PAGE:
Notice, however, that this “common sense” is often not really correct. For example, babies do not start off with a modern view of the shape of the Earth and the physics of gravity. Whatever a baby does think, a “round, round world”, with people and rattles pulled toward the center by the warping of space-time by mass that causes gravity, is not in the original common-sense picture.

Careful studies show that, when children are finally told about gravity on the spherical Earth, they initially resist the idea. They may deny it, or they may try to modify it to fit with their “common sense”. (If asked to draw the world, they may add a flat spot or divot just where they live in an otherwise spherical Earth, or they may draw people living inside a sphere.) Often, it takes until age nine or so before children really say that they accept the idea that they are held to a spherical Earth by gravity, and they draw pictures properly illustrating the idea.

Furthermore, studies find that children show this sort of resistance to most or all new ideas that conflict with the “naïve physics” or “naïve psychology” formed in the cradle. Like a city preserving its old roads, a child preserves the initial ideas—perhaps adding or patching, building new paths in the “suburbs” of the mind or building “subways” that take the new idea around the old one, but getting rid of the old idea only when absolutely necessary.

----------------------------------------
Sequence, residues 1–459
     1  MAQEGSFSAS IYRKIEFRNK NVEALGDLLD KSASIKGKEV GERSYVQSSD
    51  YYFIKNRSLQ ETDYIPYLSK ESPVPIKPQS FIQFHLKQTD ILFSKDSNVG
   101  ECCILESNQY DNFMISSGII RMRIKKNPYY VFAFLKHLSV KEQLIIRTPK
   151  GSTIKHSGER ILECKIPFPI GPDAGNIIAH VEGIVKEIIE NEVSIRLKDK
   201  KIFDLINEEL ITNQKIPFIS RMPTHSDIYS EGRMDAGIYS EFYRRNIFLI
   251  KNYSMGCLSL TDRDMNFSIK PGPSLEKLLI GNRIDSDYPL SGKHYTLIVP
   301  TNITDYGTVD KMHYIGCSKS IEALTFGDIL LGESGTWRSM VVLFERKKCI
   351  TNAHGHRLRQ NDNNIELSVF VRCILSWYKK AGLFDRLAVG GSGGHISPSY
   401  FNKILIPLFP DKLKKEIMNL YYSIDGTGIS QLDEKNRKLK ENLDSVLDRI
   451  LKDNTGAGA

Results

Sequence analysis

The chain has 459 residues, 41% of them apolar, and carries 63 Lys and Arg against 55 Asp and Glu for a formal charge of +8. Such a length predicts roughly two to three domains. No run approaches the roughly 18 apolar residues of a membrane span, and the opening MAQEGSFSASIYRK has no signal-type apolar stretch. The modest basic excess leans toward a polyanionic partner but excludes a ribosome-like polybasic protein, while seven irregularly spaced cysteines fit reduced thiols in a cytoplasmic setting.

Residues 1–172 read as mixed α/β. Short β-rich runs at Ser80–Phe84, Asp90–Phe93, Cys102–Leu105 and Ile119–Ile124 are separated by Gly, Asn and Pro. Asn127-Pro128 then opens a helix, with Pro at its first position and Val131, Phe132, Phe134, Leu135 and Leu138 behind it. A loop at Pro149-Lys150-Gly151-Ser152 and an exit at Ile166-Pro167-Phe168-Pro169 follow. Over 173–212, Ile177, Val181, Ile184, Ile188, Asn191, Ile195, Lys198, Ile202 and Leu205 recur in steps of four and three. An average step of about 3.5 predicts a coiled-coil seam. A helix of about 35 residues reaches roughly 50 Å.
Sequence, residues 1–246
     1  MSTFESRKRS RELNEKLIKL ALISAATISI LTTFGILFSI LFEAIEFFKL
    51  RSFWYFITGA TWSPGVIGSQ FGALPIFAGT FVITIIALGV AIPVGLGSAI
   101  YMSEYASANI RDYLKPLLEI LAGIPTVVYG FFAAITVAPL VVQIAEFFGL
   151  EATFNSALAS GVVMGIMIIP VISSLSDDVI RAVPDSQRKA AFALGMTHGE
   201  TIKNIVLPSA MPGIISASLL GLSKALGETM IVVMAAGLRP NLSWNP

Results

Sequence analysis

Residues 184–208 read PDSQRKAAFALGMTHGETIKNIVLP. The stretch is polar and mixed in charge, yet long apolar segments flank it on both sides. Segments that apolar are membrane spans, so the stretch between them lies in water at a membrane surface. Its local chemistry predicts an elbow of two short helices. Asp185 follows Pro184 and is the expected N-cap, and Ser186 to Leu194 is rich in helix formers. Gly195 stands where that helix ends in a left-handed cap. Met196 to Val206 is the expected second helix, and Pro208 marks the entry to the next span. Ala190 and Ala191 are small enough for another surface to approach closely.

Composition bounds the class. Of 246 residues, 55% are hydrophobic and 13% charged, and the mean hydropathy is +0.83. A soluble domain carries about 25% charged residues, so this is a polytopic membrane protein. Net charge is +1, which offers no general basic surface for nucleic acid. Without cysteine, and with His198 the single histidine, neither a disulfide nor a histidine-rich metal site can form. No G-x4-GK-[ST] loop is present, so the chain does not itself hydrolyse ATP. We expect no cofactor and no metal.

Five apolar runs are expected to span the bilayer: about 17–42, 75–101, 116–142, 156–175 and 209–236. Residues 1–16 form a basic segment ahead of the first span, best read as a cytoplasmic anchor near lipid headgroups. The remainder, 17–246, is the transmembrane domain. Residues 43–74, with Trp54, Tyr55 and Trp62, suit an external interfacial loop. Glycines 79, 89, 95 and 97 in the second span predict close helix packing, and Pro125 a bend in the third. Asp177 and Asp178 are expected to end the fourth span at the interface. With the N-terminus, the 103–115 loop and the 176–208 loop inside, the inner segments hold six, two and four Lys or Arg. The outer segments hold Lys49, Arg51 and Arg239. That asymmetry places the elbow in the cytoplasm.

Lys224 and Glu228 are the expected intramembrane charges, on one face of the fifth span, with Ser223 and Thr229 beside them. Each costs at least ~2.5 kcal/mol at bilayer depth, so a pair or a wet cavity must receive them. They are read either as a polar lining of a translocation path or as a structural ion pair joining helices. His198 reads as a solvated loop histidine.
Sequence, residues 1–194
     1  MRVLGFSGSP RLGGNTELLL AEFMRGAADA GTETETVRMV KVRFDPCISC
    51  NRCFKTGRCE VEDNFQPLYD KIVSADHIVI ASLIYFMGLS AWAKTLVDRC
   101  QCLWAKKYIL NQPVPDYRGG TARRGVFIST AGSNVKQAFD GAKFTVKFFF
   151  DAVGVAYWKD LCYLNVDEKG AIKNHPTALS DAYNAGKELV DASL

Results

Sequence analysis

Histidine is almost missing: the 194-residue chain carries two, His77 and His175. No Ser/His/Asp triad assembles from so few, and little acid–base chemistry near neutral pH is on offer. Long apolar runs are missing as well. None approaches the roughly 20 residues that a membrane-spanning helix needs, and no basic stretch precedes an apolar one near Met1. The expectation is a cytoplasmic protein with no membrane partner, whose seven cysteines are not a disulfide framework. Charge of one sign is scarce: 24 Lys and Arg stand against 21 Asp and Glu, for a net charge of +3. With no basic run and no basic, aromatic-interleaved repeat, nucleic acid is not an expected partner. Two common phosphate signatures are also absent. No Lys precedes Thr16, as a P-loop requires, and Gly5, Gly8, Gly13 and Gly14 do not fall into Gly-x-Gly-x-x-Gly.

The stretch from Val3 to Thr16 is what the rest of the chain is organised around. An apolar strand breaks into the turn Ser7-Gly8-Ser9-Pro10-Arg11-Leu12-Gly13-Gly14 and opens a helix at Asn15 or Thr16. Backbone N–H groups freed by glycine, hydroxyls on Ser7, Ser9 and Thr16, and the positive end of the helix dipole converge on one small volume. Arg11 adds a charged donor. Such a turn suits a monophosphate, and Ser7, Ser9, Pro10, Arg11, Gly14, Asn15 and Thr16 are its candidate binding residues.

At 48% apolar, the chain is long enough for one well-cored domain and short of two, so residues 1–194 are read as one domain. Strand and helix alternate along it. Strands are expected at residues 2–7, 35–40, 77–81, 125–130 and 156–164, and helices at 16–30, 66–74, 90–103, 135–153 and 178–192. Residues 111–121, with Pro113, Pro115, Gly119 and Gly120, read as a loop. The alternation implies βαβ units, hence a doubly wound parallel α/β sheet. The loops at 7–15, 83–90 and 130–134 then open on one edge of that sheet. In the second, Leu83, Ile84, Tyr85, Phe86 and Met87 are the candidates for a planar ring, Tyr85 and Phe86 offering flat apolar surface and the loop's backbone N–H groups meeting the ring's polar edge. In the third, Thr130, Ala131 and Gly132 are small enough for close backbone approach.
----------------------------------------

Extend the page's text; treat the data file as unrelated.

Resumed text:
Now, almost all children eventually come to accept the spherical Earth. (There actually are a few people out there who still argue against the spherical Earth, just not very many.) But, typically all of the authority figures in a child’s life agree in telling the child that the Earth is spherical—teachers, parents, preachers, TV, books, and more—with almost no disagreement. (And yes, even young children have a ranking of reliability of information sources, picking which “authority figures” to believe more.) Yet with all of the authority figures agreeing, years may still be needed to convince a child to replace the old “road” in the brain with a new one (and that old road might even still be in there somewhere).

What about, say, the age of the Earth? The scientific evidence indicates that the Earth formed about 4.6 billion years ago. But 4.6 billion years is not “common sense” to most people—we don’t imagine such large numbers very well. If you ask a very young child how old the Earth is, you are almost guaranteed to get an answer that is not “4.6 billion years”.